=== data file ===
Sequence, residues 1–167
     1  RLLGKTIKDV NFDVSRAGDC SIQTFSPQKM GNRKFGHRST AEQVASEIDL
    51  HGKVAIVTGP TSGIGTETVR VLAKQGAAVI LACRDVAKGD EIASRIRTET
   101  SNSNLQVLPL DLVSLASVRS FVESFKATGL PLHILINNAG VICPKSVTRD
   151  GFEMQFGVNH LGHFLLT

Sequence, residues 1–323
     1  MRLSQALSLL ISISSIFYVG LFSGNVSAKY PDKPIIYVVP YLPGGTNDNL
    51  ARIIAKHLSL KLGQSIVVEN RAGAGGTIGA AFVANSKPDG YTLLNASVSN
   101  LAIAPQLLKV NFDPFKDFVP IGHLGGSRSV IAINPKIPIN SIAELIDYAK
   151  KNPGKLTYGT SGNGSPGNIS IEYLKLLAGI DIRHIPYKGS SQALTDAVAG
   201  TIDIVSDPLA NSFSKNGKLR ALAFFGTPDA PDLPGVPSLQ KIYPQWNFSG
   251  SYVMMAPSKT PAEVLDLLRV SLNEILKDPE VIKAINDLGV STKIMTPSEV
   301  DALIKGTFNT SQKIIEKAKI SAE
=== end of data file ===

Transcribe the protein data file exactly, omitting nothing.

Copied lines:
Sequence, residues 1–167
     1  RLLGKTIKDV NFDVSRAGDC SIQTFSPQKM GNRKFGHRST AEQVASEIDL
    51  HGKVAIVTGP TSGIGTETVR VLAKQGAAVI LACRDVAKGD EIASRIRTET
   101  SNSNLQVLPL DLVSLASVRS FVESFKATGL PLHILINNAG VICPKSVTRD
   151  GFEMQFGVNH LGHFLLT

Sequence, residues 1–323
     1  MRLSQALSLL ISISSIFYVG LFSGNVSAKY PDKPIIYVVP YLPGGTNDNL
    51  ARIIAKHLSL KLGQSIVVEN RAGAGGTIGA AFVANSKPDG YTLLNASVSN
   101  LAIAPQLLKV NFDPFKDFVP IGHLGGSRSV IAINPKIPIN SIAELIDYAK
   151  KNPGKLTYGT SGNGSPGNIS IEYLKLLAGI DIRHIPYKGS SQALTDAVAG
   201  TIDIVSDPLA NSFSKNGKLR ALAFFGTPDA PDLPGVPSLQ KIYPQWNFSG
   251  SYVMMAPSKT PAEVLDLLRV SLNEILKDPE VIKAINDLGV STKIMTPSEV
   301  DALIKGTFNT SQKIIEKAKI SAE